Mon, 12th Aug 2019
The latest figures published by the British Retail Consortium and Springboard indicate that more than ten percent of stores on the high street are lying empty as of July. This marks the greatest empty rate since January of 2015.
The number of shoppers has also fallen, with a decline of 1.9 percent for the month of July, the biggest drop for July since 2012.
This report comes as a wave of bankruptcies and restructuring plans has struck retailers that are struggling to compete against the challenges of online shopping. In some towns, such as Doncaster, the picture on the high street is even more bleak with one in five stores vacant.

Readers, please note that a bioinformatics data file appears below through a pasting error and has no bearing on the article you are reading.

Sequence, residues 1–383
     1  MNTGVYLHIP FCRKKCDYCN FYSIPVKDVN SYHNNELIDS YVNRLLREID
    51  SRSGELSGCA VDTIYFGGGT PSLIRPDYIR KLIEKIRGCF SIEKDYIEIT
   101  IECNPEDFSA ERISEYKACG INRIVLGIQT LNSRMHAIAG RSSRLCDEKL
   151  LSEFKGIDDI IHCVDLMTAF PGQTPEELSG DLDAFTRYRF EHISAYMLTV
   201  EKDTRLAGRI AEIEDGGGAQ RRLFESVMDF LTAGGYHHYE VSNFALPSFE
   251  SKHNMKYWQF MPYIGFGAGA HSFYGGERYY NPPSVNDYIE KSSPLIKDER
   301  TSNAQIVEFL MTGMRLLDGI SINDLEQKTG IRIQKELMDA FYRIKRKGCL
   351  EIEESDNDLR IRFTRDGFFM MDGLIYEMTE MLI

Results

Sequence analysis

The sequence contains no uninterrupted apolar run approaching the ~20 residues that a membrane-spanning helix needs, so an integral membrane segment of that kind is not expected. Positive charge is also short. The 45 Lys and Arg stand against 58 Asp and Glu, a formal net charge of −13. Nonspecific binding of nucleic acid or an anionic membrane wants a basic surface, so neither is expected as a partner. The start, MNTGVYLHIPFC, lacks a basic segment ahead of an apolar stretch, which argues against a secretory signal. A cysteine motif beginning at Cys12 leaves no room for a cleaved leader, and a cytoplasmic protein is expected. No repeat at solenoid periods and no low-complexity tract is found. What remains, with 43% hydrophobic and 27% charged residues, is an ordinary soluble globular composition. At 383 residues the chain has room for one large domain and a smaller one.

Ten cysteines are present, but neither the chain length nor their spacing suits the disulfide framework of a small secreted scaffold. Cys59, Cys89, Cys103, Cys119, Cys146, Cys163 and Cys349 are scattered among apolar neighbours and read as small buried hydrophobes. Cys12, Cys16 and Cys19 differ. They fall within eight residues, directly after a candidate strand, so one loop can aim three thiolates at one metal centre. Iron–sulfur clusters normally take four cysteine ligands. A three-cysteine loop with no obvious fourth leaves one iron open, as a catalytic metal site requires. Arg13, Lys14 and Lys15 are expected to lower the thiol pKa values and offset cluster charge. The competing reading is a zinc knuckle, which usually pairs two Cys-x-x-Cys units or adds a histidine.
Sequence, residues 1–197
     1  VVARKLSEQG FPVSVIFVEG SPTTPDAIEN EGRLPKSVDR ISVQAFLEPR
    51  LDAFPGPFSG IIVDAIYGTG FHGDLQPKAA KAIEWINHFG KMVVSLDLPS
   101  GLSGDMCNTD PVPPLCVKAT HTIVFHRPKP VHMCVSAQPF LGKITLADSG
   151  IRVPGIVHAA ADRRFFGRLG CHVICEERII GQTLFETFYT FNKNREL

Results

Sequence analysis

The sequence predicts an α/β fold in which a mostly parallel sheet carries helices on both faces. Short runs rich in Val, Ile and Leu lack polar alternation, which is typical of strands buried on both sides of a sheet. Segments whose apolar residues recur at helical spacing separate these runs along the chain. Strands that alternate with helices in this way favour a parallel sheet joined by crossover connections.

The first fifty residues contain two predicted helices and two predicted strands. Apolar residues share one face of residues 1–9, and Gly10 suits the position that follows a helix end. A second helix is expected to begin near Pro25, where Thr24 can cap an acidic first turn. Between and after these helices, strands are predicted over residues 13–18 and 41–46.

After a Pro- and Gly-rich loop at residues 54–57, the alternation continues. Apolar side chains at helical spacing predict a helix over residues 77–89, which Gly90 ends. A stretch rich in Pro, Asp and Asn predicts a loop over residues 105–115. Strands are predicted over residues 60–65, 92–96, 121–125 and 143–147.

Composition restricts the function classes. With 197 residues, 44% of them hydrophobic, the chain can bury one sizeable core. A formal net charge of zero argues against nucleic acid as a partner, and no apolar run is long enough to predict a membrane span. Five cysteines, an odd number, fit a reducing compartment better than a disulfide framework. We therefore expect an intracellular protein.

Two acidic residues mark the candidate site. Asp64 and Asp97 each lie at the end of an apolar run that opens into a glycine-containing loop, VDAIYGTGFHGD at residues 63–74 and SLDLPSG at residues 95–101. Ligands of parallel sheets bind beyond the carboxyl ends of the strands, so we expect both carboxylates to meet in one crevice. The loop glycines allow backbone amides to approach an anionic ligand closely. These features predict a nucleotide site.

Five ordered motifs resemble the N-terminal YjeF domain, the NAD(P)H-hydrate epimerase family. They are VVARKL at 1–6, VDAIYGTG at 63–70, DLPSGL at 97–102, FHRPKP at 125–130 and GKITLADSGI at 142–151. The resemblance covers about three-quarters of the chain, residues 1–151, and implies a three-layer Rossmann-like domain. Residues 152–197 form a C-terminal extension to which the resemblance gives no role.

Footfall on the high street is down by 2.7 percent, and footfall at shopping centres is down by 3.1 percent. Out of town retail parks have so far managed to avoid the downturn, attracting more shoppers in July and reporting a 1.2 percent increase in footfall.
Analysts believe that one reason for the strong performance of retail parks is that they have managed to bridge the convenience-experience gap, offering a good shopping experience and also providing easy options for click and collect for those who shop online. Providing leisure facilities and cafes within the store also helps, since it gives shoppers a reason to spend time in the store.
Retailers currently account for five percent of the economy, and yet they are paying 25% of all business taxes, and 10% of all costs. For the high street to survive, and companies such as Debenhams and House of Fraser to continue, this will need to change.